If cleared, at that point, the State Department conducts a field interview – the refugee is still in a camp or other location, and not on U.S. soil – to determine whether they fit the legal definitions of a refugee.  They are fingerprinted and photographed, and then all of their information goes through the FBI criminal database, and DHS’s terrorist and criminal watch-list, as well as USCIS and ICE’s databases for those who have had contact with immigration officials in the past.

Once that’s complete, they go through another round of security screenings, including vetting through the Department of Defense, the State Department’s Consular Lookout and Support System, the FBI’s Terrorist Screening Center, the National Counterterrorism Center and others.  This part of the process is classified, but it’s likely that they go through Intelligence Community reviews as well. At the same time, the refugees are given health screenings for diseases that could prevent them from relocating.

At that point, if they pass everything and are approved for relocation, they are flown to the United States.  They have to get through TSA and Customs, take a three-day class on basic information about the United States and then they’re relocated to a permanent home.

Refugees lose their status after a year and they must apply for permanent resident status. After five years, they can become citizens.

The entire point of this process is to screen out potential radical Islamists and criminals from this program.

The White House has an outline of these steps here.  The process can take anywhere from one and three years to complete.  They have put together a video that goes through the details, and you can watch it here.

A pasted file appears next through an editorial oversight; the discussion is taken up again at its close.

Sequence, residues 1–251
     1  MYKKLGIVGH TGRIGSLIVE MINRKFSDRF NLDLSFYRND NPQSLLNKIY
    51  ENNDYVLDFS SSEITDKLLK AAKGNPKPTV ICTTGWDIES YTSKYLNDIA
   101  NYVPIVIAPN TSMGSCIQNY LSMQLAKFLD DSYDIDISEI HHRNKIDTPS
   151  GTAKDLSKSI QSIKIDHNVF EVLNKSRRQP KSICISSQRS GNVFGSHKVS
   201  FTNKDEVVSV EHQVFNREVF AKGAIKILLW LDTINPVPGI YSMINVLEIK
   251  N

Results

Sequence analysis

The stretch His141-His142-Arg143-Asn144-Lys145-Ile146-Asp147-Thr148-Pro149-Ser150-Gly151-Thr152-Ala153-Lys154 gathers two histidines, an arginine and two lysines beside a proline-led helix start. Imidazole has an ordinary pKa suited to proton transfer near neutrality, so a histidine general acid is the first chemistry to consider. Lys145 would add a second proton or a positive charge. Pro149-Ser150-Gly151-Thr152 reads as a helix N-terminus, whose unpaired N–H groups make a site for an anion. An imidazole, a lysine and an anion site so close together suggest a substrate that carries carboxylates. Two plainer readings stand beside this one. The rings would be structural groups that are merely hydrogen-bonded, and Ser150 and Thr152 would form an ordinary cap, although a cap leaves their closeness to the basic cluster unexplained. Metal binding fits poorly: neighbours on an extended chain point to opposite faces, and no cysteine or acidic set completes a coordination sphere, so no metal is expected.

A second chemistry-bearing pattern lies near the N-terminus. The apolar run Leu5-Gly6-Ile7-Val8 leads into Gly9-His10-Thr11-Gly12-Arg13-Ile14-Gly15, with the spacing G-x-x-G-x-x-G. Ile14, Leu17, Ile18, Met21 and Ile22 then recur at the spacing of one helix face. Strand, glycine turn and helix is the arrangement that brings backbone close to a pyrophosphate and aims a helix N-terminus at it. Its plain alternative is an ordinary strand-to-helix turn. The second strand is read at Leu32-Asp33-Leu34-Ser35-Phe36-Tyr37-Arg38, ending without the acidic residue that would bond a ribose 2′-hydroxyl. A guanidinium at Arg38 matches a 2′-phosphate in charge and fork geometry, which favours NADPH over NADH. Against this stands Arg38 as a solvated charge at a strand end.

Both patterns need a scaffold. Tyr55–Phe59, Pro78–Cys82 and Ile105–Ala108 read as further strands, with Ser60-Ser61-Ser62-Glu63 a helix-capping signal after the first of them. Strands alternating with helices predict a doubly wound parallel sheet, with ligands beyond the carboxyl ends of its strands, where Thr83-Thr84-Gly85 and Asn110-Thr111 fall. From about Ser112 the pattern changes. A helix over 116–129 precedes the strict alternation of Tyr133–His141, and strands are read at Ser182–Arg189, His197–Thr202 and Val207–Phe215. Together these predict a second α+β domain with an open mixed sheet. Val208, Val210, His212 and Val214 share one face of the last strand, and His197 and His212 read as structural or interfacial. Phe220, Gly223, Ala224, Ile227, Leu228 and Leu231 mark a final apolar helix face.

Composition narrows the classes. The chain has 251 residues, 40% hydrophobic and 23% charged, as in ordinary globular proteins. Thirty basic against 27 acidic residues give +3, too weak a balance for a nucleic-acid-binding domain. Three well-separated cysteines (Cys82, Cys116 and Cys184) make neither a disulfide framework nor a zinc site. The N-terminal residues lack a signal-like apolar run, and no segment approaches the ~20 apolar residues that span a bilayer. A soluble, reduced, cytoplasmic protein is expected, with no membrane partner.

And if you want to hear what it’s like from a refugee who has gone through the process, you can read one woman’s story here.

Does this sound like “no vetting?” Does it sound like this system is not well thought out and logical, or a system that is not sufficiently mature that it needs a “time out” for review?  Given the miniscule numbers of refugees relocated, it seems as if this program is working. And it’s completely different from the refugee process that those making their way to Greece and the other EU countries have gone through.

This vetting has culled the vast majority of potential refugees out.  The White House confirmed that of the 23,092 Syrian refugees who have been referred to the United States for potential relocation, only 7,014 of them reached the interview process.  Of that 7,014, only 2,034 have been resettled.  Syrian refugees have less than a 1 in 10 chance of being accepted into the U.S. refugee program.  This is more evidence of the rigor of the process.

As for FBI Director Comey’s oft paraphrased concerns with gaps in the vetting process, the frequent claim – as noted by Congressman Gohmert – is that he claimed it was impossible to vet them because we don’t have the data.  That’s not exactly what he said.  His quote was:

“And so if someone has never made a ripple in the pond in Syria in a way that would get their identity or their interest reflected in our database, we can query our database until the cows come home, but there will be nothing showing up because we have no record of them…”